Soviet policies and political predispositions had a very significant impact on the Arab communist movement. This impact resulted from two interrelated factors, beginning with the special role of the Soviet Communist Party in the Soviet state. This allowed for the hegemonic role of the Soviet party to manifest itself within the international communist movement. As clandestine parties outlawed by Arab governments, Arab communist parties were politically and financially dependent on the Soviet Communist Party. It provided the material, financial, and moral support needed by the parties to maintain activities and groups of activists in the face of political suppression and imprisonment. However, as it grew from an independent body to subsume the Soviet state, the Soviet Communist Party came to represent national rather than international interests. Its policies and predispositions were oriented toward the interests of the Soviet state. In other words, the Soviet party's position on Arab issues was determined by the interests of the Soviet state, and was not guided solely by ideological principles. Thus, one of the most important variables in the development of Arab communist parties was the degree to which they accepted Soviet policies on basic Arab issues.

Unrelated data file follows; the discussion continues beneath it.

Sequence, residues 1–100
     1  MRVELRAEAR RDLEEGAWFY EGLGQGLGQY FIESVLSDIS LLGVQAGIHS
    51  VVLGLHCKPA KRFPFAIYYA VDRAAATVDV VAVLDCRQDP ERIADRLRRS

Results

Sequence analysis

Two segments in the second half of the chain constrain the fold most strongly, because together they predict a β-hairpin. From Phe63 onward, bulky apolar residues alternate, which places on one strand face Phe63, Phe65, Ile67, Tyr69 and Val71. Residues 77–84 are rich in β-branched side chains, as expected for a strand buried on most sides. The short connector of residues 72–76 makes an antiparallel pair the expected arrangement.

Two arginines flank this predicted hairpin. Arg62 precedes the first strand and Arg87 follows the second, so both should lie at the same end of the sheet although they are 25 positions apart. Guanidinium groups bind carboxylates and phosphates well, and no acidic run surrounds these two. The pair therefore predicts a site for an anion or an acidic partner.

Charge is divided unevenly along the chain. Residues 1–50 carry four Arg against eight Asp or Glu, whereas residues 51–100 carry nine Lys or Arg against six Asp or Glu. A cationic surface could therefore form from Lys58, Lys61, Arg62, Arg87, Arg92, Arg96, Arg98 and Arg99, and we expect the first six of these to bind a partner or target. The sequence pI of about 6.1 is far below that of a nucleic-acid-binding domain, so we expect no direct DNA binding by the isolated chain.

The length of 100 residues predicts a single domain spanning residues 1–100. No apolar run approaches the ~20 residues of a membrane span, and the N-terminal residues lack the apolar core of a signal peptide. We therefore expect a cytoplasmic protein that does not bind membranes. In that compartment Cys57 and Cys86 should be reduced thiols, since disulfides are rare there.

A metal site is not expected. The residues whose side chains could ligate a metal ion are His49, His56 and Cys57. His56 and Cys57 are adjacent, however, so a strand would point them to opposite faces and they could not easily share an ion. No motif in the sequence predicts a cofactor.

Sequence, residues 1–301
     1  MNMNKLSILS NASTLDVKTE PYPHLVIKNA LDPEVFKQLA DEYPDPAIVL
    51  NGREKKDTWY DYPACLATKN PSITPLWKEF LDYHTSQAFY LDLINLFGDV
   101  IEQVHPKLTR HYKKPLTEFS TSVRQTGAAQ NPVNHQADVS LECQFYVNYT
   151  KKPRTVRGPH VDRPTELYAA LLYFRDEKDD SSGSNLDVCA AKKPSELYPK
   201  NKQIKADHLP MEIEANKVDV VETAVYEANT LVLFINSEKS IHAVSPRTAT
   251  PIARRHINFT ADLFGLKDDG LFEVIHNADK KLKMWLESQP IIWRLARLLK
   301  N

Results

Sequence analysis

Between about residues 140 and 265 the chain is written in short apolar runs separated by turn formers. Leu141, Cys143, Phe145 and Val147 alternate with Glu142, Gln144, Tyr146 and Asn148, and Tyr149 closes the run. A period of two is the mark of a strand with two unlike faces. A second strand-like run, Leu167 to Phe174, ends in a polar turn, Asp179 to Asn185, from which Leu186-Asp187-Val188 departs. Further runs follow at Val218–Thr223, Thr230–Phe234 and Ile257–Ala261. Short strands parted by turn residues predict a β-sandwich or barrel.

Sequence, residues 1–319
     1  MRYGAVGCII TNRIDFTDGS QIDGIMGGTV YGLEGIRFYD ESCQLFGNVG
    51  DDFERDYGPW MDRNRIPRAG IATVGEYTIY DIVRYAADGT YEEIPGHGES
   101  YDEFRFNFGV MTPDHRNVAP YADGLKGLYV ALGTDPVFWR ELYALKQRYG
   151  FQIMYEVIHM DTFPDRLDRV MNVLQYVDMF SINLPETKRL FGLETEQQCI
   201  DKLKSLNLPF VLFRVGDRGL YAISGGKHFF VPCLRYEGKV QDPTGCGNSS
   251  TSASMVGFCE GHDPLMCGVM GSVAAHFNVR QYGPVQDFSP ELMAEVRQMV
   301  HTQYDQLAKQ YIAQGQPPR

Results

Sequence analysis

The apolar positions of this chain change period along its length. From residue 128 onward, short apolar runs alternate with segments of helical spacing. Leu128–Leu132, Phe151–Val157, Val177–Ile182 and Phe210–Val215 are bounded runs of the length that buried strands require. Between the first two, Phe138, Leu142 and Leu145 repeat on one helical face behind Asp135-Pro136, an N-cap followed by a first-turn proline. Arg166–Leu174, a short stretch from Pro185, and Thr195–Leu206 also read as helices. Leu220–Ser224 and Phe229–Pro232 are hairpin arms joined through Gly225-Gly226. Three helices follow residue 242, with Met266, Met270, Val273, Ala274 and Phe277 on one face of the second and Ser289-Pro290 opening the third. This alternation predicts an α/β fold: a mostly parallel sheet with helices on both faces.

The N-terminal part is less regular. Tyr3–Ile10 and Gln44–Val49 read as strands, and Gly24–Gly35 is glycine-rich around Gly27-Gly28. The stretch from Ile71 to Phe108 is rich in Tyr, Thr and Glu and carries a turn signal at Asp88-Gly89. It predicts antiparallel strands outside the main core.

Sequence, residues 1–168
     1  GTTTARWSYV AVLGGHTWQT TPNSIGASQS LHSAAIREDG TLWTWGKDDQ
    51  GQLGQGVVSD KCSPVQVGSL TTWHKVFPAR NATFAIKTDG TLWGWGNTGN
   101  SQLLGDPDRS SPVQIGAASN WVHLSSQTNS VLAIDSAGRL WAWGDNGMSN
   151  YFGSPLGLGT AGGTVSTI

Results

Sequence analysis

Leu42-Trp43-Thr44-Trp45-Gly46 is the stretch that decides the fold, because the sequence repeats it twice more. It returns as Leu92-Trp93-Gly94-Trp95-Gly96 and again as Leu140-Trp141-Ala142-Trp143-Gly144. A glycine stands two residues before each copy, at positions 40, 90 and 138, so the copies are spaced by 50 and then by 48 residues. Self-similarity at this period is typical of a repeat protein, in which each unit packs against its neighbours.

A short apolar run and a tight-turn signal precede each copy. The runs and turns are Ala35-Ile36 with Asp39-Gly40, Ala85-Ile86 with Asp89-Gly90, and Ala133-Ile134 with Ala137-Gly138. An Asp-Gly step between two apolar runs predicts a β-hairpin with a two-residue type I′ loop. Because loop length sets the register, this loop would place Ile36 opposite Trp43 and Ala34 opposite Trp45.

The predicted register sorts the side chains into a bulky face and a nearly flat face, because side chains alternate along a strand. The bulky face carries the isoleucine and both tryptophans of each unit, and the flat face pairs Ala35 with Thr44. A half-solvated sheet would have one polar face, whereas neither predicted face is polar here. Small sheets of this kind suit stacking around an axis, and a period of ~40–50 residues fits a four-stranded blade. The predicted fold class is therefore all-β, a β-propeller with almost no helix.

The operational link between local parties and the international communist movement was maintained through the Comintern (to 1943, and the Cominform from 1947 to 1956). After 1956, a special department of the CPSU continued to control communist parties outside the Soviet Union. Organized under the protection, and with the support of the Central Committee of the CPSU, the Comintern provided organizational legitimacy, ideological leadership, and political support for local communist parties. While in theory it provided the mechanism for establishing ideological interconnections between local and international parties, in practice, as super-power competition internationalized a number of issues, local issues as well as issues particular to industrial society were dictated by the CPSU. Thus, the agenda for the international communist movement was set, more in terms of an international arena dominated by industrial powers, than in terms of an international movement with a membership operating in contexts defined by local and regional circumstances.